No time to spare: Exploring the middle class time squeeze

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In the last few decades,  middle-class wages, especially for men,  have stagnated, and the middle class has experienced slower income growth than the bottom and top quintiles.  If not for women’s increased economic contributions, middle class incomes would not have risen at all.  In fall 2019, we conducted focus groups with over 100 middle-class Americans in five locations with the goal of better understanding how they navigate the “time squeeze,” produced by outdated, even family-hostile, workplace policies in the context of rising economic insecurity. The broad argument in this report is simple: the centrality of work shapes how middle-class Americans think about and utilize their time. This top-down shaping of middleclass time has negative impacts on well-being and has direct implications for their health, relationships, and overall sense of autonomy and purpose.

In conducting our analysis for this report, we paid special attention to how race, gender, parenthood, or occupation shaped middle-class Americans’ perceptions of time use and related well-being. We found that the strongest and clearest qualitative findings were along the lines of gender and parenthood, thus the evidence that we dig into most thoroughly in this report focuses on middle class parents navigating the balance between work and family life. Despite the fact that family structures and labor force participation have changed drastically over time – including the rise of dual-earner couples and the increase in single parent families – policies that would give workers more control over their schedules, and more flexibility to care for children, aging parents, and themselves, have lagged.  At its core, the time squeeze for these middle-class Americans is centered on the struggle to fit work into the rest of their lives. In sum, both economic and family policy have failed to adapt to the changing needs of middle-class American families. 

Both economic and family policy have failed to adapt to the changing needs of middle-class American families

In this report, based on our qualitative research, we document the pressure that many parents experience as they try to balance paid work and caring for others. Despite more egalitarian gender discourse in the last few decadeswe found that men tended to link their identities as fathers to economic provision, often not questioning the idea that earning money was worth sacrificing time spent with their children. Women, on the other hand, were more likely to believe that being a “good mother” required intensive, constant engagement with their children, yet they also needed or wanted to contribute to the household income and forge independent identities as workers – theme that persisted across race, parental status, and occupationWith only twenty-four hours in a day, women frequently reported feelings of failure and lingering guilt.[1] While many participants expressed anger and resentment about their workplaces controlling and demanding more and more of their time, their solutions to the time squeeze they experienced centered on personal strategies such as self-discipline, making endless to-do lists, and emphasizing “time management.”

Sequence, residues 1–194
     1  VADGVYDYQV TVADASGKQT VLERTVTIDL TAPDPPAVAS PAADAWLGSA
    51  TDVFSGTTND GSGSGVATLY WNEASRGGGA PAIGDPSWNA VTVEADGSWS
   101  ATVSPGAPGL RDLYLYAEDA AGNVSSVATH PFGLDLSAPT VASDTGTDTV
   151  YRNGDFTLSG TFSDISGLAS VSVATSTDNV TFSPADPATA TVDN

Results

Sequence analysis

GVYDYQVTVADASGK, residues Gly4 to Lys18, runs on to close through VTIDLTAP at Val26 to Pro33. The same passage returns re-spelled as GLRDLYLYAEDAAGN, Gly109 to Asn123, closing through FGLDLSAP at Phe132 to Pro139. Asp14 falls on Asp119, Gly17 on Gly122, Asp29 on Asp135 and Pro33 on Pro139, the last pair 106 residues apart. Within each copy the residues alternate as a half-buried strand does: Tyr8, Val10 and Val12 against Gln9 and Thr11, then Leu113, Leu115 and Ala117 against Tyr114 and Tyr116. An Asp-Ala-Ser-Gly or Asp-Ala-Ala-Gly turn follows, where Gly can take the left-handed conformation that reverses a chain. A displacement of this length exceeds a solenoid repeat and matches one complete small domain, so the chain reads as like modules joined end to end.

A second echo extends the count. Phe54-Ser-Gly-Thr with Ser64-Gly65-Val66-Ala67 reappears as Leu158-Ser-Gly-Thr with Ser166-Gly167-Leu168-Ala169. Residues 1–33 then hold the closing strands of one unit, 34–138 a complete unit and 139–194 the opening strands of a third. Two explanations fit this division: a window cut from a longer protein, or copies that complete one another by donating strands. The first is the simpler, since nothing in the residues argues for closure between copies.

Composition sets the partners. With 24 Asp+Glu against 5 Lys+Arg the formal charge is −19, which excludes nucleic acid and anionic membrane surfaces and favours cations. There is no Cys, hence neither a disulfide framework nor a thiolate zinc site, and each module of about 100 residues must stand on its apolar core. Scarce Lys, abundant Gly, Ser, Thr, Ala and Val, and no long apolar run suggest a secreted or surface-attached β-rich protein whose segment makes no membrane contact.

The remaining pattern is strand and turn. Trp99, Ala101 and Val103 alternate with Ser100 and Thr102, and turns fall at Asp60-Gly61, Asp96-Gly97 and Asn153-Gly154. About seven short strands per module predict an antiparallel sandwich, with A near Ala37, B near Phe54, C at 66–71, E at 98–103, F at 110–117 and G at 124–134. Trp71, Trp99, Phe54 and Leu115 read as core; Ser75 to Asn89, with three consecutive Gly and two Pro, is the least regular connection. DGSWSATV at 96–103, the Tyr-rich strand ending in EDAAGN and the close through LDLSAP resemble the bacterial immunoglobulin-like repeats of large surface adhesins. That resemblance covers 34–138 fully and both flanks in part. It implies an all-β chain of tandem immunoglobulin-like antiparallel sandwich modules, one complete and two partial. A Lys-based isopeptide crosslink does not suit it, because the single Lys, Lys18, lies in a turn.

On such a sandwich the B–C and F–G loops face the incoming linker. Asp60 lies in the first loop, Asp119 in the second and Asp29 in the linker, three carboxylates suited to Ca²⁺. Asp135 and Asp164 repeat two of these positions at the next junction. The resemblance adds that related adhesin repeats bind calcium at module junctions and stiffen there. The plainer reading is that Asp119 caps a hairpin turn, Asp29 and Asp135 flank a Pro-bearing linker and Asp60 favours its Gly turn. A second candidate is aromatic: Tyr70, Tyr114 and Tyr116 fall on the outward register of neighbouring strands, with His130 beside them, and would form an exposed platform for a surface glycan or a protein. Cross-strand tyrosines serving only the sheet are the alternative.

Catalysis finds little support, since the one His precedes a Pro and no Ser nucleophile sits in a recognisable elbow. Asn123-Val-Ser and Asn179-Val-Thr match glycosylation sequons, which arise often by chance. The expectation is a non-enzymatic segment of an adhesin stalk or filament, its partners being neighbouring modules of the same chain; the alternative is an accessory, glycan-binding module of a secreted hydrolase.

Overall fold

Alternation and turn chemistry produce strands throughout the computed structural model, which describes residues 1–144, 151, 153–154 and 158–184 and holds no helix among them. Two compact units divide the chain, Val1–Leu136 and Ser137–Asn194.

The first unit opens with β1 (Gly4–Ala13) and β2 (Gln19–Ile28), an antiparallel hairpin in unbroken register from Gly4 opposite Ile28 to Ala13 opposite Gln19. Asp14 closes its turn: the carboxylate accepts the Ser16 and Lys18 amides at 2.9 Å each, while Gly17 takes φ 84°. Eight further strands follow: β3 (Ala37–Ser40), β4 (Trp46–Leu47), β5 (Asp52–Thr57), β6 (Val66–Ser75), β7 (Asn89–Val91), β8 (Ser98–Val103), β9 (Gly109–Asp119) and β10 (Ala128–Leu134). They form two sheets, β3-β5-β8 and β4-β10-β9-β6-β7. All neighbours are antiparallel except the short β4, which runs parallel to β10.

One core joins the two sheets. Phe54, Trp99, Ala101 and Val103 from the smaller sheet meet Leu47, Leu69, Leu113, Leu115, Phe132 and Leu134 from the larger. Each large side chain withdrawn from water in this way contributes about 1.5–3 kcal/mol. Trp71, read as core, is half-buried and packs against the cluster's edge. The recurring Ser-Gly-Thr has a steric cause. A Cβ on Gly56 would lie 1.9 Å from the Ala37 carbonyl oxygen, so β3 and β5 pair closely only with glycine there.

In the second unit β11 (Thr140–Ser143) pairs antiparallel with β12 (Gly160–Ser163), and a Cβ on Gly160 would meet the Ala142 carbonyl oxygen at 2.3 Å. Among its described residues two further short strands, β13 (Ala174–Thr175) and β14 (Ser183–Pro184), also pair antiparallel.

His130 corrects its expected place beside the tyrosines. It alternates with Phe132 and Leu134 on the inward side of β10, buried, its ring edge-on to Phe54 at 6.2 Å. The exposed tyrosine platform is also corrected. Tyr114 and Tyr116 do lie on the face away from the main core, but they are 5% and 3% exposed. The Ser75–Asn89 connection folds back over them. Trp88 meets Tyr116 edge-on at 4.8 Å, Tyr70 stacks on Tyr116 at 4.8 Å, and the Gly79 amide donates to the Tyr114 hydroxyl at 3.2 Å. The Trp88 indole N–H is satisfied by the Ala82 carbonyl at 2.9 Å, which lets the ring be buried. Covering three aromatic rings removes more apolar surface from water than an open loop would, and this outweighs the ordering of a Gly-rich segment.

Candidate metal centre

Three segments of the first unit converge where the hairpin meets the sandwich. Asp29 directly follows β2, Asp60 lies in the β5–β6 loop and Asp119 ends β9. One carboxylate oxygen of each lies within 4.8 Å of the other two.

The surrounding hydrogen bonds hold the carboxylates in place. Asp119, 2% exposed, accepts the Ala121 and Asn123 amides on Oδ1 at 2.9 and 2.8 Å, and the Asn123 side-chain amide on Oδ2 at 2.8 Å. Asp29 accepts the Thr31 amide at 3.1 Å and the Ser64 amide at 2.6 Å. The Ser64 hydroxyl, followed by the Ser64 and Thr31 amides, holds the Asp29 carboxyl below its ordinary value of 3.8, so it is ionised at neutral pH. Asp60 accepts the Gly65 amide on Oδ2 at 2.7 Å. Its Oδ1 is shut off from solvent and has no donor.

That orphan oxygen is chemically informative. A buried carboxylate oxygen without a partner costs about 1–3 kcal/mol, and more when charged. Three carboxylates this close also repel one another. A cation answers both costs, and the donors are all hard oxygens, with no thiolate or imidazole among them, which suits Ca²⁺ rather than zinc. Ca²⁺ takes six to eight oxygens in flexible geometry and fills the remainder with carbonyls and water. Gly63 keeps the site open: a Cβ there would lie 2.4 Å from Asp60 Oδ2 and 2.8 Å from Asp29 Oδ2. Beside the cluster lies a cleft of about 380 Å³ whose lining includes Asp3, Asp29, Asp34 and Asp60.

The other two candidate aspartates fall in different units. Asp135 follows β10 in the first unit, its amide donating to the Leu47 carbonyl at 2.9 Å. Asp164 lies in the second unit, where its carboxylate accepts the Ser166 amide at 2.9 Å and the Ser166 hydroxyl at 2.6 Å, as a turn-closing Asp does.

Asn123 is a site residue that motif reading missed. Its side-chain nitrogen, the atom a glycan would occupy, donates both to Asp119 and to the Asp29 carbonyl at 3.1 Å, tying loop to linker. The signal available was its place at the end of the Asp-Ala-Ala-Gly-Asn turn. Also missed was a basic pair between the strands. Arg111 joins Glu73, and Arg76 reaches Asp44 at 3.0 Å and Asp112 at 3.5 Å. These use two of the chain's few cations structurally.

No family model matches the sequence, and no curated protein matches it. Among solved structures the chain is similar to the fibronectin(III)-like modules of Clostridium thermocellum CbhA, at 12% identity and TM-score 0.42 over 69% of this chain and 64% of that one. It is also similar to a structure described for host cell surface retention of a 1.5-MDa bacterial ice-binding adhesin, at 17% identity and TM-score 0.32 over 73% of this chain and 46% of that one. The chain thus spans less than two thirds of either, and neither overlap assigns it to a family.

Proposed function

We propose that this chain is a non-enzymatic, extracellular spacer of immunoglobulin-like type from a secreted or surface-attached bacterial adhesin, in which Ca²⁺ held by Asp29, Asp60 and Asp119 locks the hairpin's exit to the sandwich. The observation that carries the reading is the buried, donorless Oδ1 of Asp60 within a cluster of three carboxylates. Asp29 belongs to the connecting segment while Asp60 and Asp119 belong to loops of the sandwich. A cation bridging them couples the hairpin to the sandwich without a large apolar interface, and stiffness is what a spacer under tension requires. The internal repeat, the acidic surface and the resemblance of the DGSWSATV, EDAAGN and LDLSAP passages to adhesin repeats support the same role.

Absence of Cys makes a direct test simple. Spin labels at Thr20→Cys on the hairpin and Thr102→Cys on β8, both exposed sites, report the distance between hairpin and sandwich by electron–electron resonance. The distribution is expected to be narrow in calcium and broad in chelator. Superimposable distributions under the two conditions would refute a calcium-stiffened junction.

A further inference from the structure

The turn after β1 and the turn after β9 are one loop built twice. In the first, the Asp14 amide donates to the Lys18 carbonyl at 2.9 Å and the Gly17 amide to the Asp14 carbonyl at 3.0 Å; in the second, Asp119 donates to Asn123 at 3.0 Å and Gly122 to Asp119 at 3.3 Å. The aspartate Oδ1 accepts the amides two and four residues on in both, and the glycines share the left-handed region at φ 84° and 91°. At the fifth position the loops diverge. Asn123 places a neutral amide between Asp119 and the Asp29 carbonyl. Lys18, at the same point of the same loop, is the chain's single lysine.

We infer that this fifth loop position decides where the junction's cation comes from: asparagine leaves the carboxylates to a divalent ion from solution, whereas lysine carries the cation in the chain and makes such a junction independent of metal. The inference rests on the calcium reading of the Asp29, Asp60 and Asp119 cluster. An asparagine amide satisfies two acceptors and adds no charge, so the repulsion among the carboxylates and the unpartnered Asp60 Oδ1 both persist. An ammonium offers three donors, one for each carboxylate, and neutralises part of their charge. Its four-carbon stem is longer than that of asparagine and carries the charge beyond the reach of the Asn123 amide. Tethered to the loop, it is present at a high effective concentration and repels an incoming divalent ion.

Although our participants framed time management as an individual responsibility, they also shared the perception that living their lives at a frantic pace, rigidly scheduled down to the minute, did not allow them to authentically connect with their families, learn and grow as people, fulfill their own physical and emotional needs, or contribute to their communitiesThese themes suggest that middle-class Americans may be mistakenly blaming themselves for struggles that are pervasive and systematic, and that women tend to bear a disproportionate burden of stress and self-blame when policies are not developed to address the time squeezeBased on our qualitative findings from this work, coupled with our previous research, we argue for intentional policy efforts to decenter worktime and put more control over time in the hands of workers and their families. 

Read the full report here.

Read the methodological appendix here.

This research would not have been possible without the collaboration of Econometrica, Inc. researchers and the generosity of the 127 middle class Americans who shared their stories. All names are pseudonyms. Respondent’s quotes have been lightly edited for clarity. 


[1] Hays, Sharron (1996). The Cultural Contradictions of Motherhood. New Haven, CT: Yale University Press.

Jennifer M. Silva did not receive financial support from any firm or person for this article or from any firm or person with a financial or political interest in this article. The author is not currently an officer, director, or board member of any organization with a financial or political interest in this article.